Modern banknotes and modern cash cycles have benefitted from significant levels of innovation in recent decades and this has increased the efficiency of cash.
Firstly, banknotes and coins incorporate state-of-the-art technology not only to stay ahead of counterfeiters but also to improve their durability. One example is the recent evolution in banknote substrates. Banknotes used to be printed on paper produced with natural fibres, essentially cotton. In the early 80s, various attempts to use substrates based on plastic met with only limited success, but in the late 80s, the Reserve Bank of Australia issued the first banknote on a polymer substrate. The original intention was to reduce counterfeiting but the new substrate also increased the lifecycle of the banknote. In 1996, all Australian notes were switched to polymer.
Following this radical change, manufacturers of paper substrates also turned their attention to making notes last longer. In the 1990s significant developments were achieved in the varnishing and coating of notes: the protective coating helped to reduce soiling while maintaining the traditional feel of paper notes. Another innovation was the embedding of synthetic fibres into paper substrates in order to add strength and increase longevity. More recently, several manufacturers have launched “hybrid” substrates, combining layers of paper and polymer.
Secondly, central banks have adapted their cash distribution policies with a view to increasing the velocity of banknote circulation and the efficiency of the cash cycle. The optimal model depends on a number of national factors such as the maturity of the payment systems, the number of bank branches and ATMs, and the capabilities of central bank and commercial bank processing. In mature markets, as well as in some emerging countries, there has been a trend for central banks to delegate the processing of banknotes to commercial banks and other operators. This fosters a stronger cooperation between the key stakeholders in the cash supply chain. But it also requires central banks to increase their monitoring and supervisory role to ensure the quality and authenticity of cash in circulation, as illustrated by the ECB decision on the authenticity and fitness checking and recirculation of euro banknotes84. The regulation defines the standards for fitness sorting of notes, the procedures to be followed, and the reporting requirements for banks and commercial cash handlers.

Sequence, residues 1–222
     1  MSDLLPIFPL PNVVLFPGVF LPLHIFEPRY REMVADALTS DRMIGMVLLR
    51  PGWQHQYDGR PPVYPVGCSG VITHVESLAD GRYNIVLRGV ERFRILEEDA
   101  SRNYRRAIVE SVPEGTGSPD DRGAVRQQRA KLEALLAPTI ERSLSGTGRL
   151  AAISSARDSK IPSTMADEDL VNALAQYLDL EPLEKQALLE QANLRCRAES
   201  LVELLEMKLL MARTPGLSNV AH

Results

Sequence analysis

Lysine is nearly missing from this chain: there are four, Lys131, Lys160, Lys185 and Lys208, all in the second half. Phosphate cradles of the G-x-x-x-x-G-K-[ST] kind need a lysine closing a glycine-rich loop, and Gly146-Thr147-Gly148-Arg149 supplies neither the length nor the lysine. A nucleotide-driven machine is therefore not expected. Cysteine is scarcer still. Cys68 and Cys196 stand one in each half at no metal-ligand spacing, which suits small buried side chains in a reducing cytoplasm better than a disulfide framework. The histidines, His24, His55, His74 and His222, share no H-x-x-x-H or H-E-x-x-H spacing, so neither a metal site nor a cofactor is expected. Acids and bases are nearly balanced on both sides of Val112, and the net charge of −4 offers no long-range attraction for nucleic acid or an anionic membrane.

Central banks have been elaborating innovative policies to increase the overall efficiency of the cash cycle. Examples include:
- The establishment of recirculation policies that define the standards and procedures for fitness sorting by commercial parties;
- A balance sheet relief mechanism to encourage the commercial sector to recirculate;
- Optimising cash inventories throughout the cash cycle.
Some central banks have introduced policies to promote the recirculation of banknotes outside central banks and compensate the cost of funding additional cash inventories with balance sheet relief. Some mechanisms, such as the Finnish DEPO scheme, are based on interest compensation; the Bank of Finland compensates private partners for a portion of their interest loss. Other countries, such as Australia, South Africa or the Netherlands, apply a Notes-Held-to-Order arrangement, where the central bank will credit the holder’s account without the cash being returned to the central bank85
. It is worth noting that these models have a positive environmental impact as they reduce the need for transporting banknotes.
Banknote distribution has been the third area of innovation. The first ATM was deployed in London in 196786 and, according to Retail Banking Research, the installed base will treble from 1 million machines in 2000 to 3 million in 201587. The total number of cash withdrawals is set to reach 103.2 billion in 2015 and the ATM has become the main distribution channel for cash in modern economies. Clearly, ATMs have played a major role in increasing the availability and efficiency of cash. Numerous studies have emphasised that ATM withdrawals are significantly cheaper than withdrawals at bank branches. In the US, the difference in cost is about 18%, indicating that technological improvements are an important factor in keeping the number of cash transactions relatively high88.
Numerous other innovations contribute to the efficiency of cash. In Kenya, M-Pesa (Pesa is Swahili for money) was launched in 2007 by Kenyan telecommunications provider Safaricom as a money transfer service, enabling users to send and receive money through their mobile phones. Today M-Pesa is the most developed mobile money system in the world and often recognised as one of the key innovations in payments of the last decade. While numerous features have been added to M-Pesa since its inception, it remains essentially a cash transfer system using a network of over 60,000 agents that constitutes a form of branchless banking. According to the World Bank89, in 2012, 21 million Kenyans made 527 million such transactions.